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Civil War veteran’s ashes coming home by motorcycle across U.S.

Posted on Thursday, September 1, 2016 at 10:46 am

Patriot Guard Riders salute as the cremated remains of Maine Civil War soldier Jewett Williams are packed on a motorcycle following a ceremony on Monday, Aug. 1, 2016, at Oregon State Hospital in Salem, Ore. Willliams’ ashes will be transported by motorcycle across the country to his home state where he will be buried with military honors. Williams served in the 20th Maine Regiment and died in 1922 at an Oregon insane asylum.

Patriot Guard Riders salute as the cremated remains of Maine Civil War soldier Jewett Williams are packed on a motorcycle following a ceremony on Monday, Aug. 1, 2016, at Oregon State Hospital in Salem, Ore. Willliams’ ashes will be transported by motorcycle across the country to his home state where he will be buried with military honors. Williams served in the 20th Maine Regiment and died in 1922 at an Oregon insane asylum.

SALEM, OREGON –  Jewett Williams served in the 20th Maine Regiment in the Civil War. When he died in 1922 at an Oregon insane asylum, he was cremated and his ashes were stored and forgotten along with the remains of thousands of other patients.
With a color guard in Civil War-era uniforms present, Oregon State Hospital officials handed over Williams’ ashes to a group of motorcycle-riding military veterans for a journey across the country to his home state.

“He was a son, a brother, a husband and a father. At the end of his life, however, he was alone and institutionalized here,” Oregon Senate President Peter Courtney said at the ceremony. “When he died, nobody came. Nobody came to honor him. Nobody came to take him home. Nobody came. Until today.”

Members of the Patriot Guard Riders, a group that attends the funerals of U.S. military veterans, firefighters and police, then solemnly received the ashes, started their Harleys and began the long journey to Maine. Wearing leather vests festooned with patches describing their branches of service and American flags flapping from their bikes, the group will escort the remains in relays across America.

The ashes of hundreds of other patients remain at a memorial on the grounds of the hospital made famous in “One Flew Over the Cuckoo’s Nest,” a film starring Jack Nicholson and adapted from a novel by Ken Kesey. It was in 2004 that Courtney, on a tour, found the ashes of more than 3,600 people who died at the Oregon State Hospital and other institutions, stashed away in a shed in corroding copper cans.

In 2014, the memorial was opened with the remains of patients unclaimed by relatives kept in urns labeled with names, birth and death dates and embedded in a wall. A gap now exists where Williams’ urn had been. Over 300 other remains have been claimed.

“Here we are in this honored spot with all these unclaimed souls,” Geno Williams, a U.S. Army special forces veteran and Patriot Guard Rider from Vancouver, Washington, murmured to a reporter after blinking away tears. “It is an emotional moment for me.”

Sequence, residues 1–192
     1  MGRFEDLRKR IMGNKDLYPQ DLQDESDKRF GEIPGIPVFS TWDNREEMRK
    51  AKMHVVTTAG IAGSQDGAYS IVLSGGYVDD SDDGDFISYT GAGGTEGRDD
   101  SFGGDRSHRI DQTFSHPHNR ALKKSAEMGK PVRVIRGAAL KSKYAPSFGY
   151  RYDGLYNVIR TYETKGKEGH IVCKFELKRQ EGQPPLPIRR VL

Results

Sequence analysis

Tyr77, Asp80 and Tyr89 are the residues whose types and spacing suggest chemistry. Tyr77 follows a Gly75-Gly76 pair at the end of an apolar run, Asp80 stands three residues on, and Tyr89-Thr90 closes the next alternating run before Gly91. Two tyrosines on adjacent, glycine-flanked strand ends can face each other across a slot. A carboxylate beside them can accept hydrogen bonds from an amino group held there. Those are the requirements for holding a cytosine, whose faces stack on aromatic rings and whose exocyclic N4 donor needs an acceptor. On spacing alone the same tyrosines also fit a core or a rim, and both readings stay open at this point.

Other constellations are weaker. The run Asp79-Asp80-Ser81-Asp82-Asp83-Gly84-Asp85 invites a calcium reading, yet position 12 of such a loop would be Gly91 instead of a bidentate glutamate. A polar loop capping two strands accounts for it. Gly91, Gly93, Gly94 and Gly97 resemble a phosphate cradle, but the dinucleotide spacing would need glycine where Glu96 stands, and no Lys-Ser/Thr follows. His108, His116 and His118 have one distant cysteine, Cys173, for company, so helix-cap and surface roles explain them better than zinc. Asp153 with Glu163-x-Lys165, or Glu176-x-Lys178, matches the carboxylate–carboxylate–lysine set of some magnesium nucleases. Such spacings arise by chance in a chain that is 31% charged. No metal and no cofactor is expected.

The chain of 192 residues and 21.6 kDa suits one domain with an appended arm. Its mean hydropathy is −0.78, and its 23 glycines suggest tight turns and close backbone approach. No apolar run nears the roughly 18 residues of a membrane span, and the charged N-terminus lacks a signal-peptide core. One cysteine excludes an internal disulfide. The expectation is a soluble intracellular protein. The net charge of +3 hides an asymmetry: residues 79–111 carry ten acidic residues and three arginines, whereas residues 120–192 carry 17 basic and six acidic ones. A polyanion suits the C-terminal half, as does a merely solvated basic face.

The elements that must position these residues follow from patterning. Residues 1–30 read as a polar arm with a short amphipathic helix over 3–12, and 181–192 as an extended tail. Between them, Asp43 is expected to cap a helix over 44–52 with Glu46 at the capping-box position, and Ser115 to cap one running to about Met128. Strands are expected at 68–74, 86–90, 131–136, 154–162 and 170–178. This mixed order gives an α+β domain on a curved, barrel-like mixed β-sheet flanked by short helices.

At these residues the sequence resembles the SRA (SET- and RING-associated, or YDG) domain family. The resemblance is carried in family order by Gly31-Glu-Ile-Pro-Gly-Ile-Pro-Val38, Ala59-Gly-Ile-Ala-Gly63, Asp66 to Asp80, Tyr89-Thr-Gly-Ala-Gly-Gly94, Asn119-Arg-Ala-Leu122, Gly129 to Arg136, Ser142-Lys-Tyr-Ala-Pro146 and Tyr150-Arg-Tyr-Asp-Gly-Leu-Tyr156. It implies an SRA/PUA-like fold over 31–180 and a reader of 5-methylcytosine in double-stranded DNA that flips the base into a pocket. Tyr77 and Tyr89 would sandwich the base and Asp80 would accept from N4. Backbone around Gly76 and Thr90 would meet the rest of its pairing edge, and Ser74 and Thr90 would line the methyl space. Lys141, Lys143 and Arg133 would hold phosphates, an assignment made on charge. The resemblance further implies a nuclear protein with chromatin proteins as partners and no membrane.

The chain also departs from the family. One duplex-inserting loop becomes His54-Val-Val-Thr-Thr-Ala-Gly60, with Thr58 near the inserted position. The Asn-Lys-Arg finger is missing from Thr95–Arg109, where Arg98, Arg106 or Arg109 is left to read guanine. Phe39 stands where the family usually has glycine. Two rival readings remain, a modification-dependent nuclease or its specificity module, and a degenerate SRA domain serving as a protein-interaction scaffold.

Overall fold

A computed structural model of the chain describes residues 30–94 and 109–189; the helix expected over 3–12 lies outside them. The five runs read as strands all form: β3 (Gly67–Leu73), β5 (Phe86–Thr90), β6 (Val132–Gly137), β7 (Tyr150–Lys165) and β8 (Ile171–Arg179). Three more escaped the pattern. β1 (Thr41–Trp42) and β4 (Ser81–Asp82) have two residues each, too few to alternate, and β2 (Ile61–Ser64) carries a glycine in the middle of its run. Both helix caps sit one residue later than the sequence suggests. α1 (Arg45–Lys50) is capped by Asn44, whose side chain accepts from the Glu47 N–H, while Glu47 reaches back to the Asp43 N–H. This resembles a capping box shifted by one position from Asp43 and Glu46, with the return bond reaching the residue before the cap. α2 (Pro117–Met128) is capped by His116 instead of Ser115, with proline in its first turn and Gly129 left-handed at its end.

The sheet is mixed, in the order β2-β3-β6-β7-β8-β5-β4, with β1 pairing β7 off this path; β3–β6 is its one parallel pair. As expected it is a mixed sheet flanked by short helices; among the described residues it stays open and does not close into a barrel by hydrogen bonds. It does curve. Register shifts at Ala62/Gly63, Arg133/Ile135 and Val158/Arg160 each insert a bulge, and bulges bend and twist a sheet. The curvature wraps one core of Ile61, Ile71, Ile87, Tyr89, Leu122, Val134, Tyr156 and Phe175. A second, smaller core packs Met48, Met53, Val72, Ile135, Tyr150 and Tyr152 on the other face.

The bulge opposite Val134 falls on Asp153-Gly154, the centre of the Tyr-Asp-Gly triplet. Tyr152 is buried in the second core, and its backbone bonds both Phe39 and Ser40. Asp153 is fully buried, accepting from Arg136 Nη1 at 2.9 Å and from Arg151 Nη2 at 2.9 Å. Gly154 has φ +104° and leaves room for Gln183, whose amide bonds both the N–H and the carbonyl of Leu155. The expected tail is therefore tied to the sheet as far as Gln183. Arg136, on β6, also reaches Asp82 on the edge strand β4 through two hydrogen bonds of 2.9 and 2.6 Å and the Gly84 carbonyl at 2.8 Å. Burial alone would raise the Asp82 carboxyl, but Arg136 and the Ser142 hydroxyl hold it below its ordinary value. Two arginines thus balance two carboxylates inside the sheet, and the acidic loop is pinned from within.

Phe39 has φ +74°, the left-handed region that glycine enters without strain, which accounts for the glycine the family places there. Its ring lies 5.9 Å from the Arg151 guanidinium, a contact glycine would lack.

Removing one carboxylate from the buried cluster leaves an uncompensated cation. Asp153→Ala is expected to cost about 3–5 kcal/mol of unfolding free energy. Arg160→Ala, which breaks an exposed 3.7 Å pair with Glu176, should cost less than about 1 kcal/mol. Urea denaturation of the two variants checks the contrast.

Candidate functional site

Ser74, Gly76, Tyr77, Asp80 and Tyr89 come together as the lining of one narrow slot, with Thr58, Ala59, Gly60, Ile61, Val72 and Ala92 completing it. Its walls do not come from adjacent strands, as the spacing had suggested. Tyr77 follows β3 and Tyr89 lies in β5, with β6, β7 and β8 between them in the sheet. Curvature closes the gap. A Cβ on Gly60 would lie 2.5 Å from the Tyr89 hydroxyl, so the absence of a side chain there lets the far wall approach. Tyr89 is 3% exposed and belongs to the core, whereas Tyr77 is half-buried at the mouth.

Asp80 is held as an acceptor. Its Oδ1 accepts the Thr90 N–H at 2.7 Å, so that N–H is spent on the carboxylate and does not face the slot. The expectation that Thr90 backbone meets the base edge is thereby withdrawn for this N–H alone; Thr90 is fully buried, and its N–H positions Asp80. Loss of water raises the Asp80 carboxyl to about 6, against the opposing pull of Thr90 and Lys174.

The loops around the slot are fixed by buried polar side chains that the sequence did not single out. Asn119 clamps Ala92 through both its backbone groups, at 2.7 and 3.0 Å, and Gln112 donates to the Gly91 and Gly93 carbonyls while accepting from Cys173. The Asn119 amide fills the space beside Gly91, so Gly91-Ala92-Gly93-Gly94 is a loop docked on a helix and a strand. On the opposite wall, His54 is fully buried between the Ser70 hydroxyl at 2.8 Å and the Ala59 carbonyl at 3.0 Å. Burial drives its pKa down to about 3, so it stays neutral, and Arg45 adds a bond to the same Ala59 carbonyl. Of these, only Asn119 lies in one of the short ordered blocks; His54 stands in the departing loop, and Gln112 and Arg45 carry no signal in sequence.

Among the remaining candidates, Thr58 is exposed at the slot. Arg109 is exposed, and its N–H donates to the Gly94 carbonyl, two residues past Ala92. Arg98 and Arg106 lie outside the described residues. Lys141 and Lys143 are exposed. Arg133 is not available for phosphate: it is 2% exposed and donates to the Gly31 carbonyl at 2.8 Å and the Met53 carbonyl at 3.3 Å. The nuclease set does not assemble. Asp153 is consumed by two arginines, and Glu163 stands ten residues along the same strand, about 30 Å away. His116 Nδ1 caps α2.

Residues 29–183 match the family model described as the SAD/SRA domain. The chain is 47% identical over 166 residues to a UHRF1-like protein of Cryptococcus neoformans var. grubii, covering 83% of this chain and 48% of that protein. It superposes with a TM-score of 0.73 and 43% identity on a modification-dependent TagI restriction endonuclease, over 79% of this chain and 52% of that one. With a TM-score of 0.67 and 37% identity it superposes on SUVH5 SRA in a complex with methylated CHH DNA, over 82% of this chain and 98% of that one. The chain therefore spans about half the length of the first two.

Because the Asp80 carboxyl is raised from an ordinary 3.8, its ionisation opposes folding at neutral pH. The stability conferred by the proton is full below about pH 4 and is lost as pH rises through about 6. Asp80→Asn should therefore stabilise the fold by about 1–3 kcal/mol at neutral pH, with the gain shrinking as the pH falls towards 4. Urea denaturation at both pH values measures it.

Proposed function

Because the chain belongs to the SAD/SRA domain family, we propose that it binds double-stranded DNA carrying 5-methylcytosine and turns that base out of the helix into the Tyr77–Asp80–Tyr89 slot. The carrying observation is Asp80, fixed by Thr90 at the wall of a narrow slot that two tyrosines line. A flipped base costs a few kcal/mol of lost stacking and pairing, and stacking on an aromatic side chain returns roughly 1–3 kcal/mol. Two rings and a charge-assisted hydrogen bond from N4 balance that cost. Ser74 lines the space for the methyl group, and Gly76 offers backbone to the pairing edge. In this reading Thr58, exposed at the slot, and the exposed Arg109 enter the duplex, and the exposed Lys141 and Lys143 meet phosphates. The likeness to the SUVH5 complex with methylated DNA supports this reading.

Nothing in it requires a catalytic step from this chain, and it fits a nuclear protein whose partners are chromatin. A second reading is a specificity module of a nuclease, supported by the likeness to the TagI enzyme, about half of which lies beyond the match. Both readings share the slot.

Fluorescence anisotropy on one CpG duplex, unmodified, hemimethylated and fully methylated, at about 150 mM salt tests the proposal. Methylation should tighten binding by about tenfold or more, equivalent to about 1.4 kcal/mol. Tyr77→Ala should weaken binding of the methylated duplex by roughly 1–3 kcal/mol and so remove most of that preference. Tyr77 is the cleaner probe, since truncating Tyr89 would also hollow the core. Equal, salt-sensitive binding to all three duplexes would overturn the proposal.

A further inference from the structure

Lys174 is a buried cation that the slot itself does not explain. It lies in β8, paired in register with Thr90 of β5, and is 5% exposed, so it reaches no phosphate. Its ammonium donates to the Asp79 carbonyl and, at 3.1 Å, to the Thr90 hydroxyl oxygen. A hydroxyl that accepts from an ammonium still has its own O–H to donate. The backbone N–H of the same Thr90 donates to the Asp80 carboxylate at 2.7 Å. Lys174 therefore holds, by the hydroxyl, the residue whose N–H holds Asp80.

The 20th Maine famously prevented a Union defeat at Gettysburg with a bayonet charge at Little Round Top. Williams, of Hodgdon, Maine, joined in October 1864, more than a year later, but many engagements remained. His regiment was at the siege of Petersburg, Virginia, and in battles with the rebels right up to Confederate Gen. Robert E. Lee’s surrender at Appomattox, Virginia, in April 1865, said Maine historian Tom Desjardin.

“The New Englanders were actively engaged with Grant’s army in the long siege of Petersburg and the running fight with Lee to Appomattox,” said James I. Robertson Jr., retired professor of Civil War history at Virginia Tech.

Jewett shared a tent with his cousin, Albert Williams, who, in a letter reflecting his rudimentary education, described long marches in bad weather and sleeping in the open, according to a family history published online in 2005 by Barbara Ann Estabrook. He also described a scorched-earth campaign.

“I didn’t have a chance to get a shot at a reb when we on the rode but i made the Cattle and Sheep and hogs suffer. You bet we killed every thing that we see and burnt every thing as we went,” Albert Williams wrote on Dec. 18, 1864, less than four months before he died of fever at age 21.

Jewett Williams was married and divorced, then remarried and moved to Michigan, then to Minnesota where he was a carpenter. His first child died after only 19 months. He and his wife had five more children and moved to Washington state, where the couple separated. In the 1920 census, Williams was listed as a widower in Portland, Oregon.

In April 1922, Williams was admitted to the Oregon State Hospital for the Insane in Salem, as the hospital was then known. He died on July 17, 1922, at 78, of cerebral arteriosclerosis.

None of Jewett’s descendants has been found.

His remains are scheduled to arrive in Maine on Aug. 22 and will be buried with military honors in Togus National Cemetery in Maine on Sept. 17. A period-correct white marble veterans headstone will mark the spot, said Dave Richmond, deputy director of the Maine Bureau of Veterans’ Services.

“He will rejoin his comrades-in-arms in Maine,” said Greg Roberts, the superintendent of Oregon State Hospital. Also buried at Togus are five other 20th Maine veterans, including one from Williams’ Company H.


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